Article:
Michel de Montaigne

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Montaigne, Michel de


Born Feb. 28, 1533, at the Montaigne chÂteau near Bordeaux; died there Sept. 13, 1592. French philosopher and writer.

Montaigne was a descendant of members of the Gascon bourgeoisie who had become nobles. He received a classical education at home, graduated from a collège, and studied the law. From 1580 to 1588 he published his main work, the Essays (books 1–3). The term “essay” and the philosophical and literary genre to which it refers—a work of mental reflection on specific historical and contemporary facts and on the mores of people of different positions, classes, and levels of culture—owe their origin to Montaigne. The creation of the essay form was stimulated by the troubling civil and religious wars between the feudal aristocracy and the developing monarchy, between the Catholics and the Huguenots. Montaigne’s broad freethinking and unique humanist skepticism were directed against church orthodoxy and the Scholasticism that dominated the medieval universities, against superstition and fanaticism, against the cruelty and cynicism of rulers, and against feudal anarchy and tyranny.

Montaigne criticized the moral structure of “civilized” society, which seemed barbaric in comparison to the primitive world of savages, in which social relationships rested on natural morality. To Montaigne, primitive societies seemed to embody a more sensible and a far more human way of life than the European societies of his time. Recounting his own experiences and expressing his personal inclinations and his dedication to common sense, Montaigne created a realistically truthful, self-critical self-portrait. He offered good sense mixed with skepticism as a suitable principle for society, the maladjustments of which inflict the greatest suffering on the common people, whose indignation and intensely French, Gallic humor are characteristic of Montaigne.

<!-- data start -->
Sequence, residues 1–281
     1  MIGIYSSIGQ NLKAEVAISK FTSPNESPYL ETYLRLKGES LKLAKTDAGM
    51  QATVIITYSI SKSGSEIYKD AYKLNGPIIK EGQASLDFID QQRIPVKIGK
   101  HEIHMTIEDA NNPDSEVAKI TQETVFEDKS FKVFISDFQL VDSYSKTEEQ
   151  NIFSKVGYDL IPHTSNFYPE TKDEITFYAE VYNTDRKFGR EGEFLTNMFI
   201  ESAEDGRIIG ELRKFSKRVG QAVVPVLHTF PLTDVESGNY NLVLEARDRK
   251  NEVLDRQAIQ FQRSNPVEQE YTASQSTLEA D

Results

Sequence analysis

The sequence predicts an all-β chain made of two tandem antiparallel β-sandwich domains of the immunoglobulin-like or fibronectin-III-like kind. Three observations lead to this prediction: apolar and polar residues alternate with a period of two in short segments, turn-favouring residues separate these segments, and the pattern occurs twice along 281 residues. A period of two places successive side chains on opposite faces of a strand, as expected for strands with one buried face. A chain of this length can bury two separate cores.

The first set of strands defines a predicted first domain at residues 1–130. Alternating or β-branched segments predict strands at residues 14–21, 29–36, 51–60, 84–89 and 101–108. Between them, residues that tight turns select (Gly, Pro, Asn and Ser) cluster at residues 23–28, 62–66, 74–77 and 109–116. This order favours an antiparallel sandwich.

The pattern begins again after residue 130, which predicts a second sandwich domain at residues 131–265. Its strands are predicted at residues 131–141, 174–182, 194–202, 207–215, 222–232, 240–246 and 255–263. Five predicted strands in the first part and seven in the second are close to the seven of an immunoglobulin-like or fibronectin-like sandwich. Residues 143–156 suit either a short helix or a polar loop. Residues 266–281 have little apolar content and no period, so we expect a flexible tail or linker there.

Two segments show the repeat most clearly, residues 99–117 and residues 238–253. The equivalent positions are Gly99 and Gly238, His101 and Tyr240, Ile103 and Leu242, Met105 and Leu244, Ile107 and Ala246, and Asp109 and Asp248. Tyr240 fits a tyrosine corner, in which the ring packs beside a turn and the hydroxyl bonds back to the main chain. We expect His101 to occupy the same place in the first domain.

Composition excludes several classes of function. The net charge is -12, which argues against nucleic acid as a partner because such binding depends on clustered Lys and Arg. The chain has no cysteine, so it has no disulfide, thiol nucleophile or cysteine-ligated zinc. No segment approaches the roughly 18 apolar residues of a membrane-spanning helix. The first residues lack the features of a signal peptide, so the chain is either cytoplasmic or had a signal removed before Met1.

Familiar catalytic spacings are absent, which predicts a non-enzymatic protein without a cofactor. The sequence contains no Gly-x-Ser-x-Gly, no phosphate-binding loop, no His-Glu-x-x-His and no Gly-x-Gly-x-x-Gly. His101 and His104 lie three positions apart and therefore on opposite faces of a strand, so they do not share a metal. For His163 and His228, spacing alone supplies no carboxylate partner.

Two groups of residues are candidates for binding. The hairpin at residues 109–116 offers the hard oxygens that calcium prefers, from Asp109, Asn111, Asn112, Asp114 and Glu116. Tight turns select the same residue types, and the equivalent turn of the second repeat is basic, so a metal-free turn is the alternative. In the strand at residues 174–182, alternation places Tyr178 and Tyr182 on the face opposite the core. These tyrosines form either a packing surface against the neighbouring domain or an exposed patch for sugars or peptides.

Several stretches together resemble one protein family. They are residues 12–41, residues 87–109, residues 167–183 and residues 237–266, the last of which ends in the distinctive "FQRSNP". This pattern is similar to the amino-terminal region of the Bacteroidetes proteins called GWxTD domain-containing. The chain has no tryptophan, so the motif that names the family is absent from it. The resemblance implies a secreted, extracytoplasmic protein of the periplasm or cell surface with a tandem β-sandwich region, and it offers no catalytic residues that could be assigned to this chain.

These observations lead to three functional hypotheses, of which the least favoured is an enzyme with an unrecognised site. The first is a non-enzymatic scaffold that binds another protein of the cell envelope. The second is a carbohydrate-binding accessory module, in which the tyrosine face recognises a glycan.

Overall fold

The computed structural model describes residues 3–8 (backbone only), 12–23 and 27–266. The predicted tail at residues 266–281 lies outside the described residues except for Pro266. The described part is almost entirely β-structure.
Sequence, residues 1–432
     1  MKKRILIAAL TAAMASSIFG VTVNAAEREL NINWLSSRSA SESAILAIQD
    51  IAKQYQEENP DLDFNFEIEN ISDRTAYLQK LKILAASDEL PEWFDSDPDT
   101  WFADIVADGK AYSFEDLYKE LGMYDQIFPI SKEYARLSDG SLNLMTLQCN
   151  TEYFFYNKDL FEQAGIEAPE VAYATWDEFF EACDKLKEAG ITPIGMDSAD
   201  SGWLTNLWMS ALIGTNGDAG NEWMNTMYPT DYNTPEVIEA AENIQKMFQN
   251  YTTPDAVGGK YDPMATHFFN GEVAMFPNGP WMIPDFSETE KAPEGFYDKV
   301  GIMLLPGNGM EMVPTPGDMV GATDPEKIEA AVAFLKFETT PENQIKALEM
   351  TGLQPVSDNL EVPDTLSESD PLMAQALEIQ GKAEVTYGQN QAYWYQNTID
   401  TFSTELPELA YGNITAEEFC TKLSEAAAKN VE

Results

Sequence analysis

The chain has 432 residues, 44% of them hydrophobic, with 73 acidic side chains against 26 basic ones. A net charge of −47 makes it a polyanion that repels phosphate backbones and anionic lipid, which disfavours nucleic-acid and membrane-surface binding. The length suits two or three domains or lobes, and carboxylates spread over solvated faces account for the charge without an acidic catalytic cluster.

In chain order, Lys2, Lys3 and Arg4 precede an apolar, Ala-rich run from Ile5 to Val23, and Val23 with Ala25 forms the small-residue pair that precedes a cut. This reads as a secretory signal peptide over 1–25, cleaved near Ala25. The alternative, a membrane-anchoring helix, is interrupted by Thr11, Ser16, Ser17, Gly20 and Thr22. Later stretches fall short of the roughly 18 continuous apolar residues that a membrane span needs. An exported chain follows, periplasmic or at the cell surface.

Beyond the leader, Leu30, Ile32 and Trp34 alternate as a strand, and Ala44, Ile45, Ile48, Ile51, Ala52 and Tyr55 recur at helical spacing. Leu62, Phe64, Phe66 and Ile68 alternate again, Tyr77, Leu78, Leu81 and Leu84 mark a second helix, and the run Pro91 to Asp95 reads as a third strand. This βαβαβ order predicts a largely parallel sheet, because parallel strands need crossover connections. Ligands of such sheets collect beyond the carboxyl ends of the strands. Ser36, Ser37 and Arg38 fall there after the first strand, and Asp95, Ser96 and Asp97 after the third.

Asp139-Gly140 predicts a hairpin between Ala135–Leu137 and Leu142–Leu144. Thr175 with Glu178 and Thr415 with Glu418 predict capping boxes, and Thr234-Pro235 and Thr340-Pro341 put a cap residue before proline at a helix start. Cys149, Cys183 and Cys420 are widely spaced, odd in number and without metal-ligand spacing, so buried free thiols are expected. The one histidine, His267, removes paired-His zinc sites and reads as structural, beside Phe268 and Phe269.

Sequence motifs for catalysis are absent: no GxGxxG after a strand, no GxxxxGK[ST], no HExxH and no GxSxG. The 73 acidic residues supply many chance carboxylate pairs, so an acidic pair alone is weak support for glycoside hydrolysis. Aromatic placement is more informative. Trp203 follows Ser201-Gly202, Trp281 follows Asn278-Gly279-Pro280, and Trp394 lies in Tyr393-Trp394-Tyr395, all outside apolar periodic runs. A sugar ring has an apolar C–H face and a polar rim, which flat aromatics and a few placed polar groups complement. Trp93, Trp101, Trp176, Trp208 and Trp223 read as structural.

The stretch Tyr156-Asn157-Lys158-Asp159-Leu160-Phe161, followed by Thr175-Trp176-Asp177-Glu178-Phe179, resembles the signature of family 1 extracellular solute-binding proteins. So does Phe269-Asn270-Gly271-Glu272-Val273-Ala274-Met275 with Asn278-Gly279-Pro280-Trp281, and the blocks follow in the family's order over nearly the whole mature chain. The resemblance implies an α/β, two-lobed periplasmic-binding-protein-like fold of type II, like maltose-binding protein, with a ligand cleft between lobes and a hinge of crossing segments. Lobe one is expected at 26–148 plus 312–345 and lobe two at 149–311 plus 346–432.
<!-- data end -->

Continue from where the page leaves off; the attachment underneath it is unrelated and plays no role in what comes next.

The age of classicism could not understand Montaigne, many of whose ideas foreshadowed those of Montesquieu, the 18th-century Enlightenment thinkers, and Rousseau.


Oeuvres complètes, vols. 1–6. Paris, 1924–27.
In Russian translation:
Opyty, vols. 1–3. (Afterword by F. A. Kogan-Bernshtein.) Moscow, 1960.


Istoriia frantsuzskoi literatury, vol. 1. Moscow-Leningrad, 1946. Pages 321–24.
Rvkova, N. “M. Monten’.” In Pisateli Frantsii. Moscow, 1964.
Moreau, P. Montaigne: L’homme et I’oeuvre, 4th ed. Paris [1958].
Europe, January-February 1972, nos. 513–14. (Issue devoted to Montaigne.)
Joukovsky, F. Montaigne et le problème du temps. Paris, 1972.
Tannenbaum, S. A. M. E. de Montaigne (A Concise Bibliography). New York, 1942.


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Riggs, herself a poet, examines her impending death through her own lyrical perspective, informed by the writings of her great-great-great-grandfather, Ralph Waldo Emerson, and French philosopher Michel Eyquem de Montaigne.
En sus Essais, Michel Eyquem de Montaigne se quejaba de los libros que leian los ninos para recrearse.
Lo que distingue a Montaigne es que no quiso elaborar la historia individual de Michel Eyquem de Montaigne y ni siquiera su autoexamen, sino que mas bien quiso elaborar una "historia universal de si mismo".
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El gran maestro argentino Ezequiel Martinez Estrada entrego un estudio de un centenar de paginas en el que pinta a Michel Eyquem Lopes en un largo viaje hacia el interior de si mismo, a bordo de su biblioteca, una carabela de piedra.
William Bennett, former Secretary of Education, and Michel Eyquem de Nlontaigne, the French writer and former Mayor of Bordeaux, recently debated the educational value of the Pledge of Allegiance.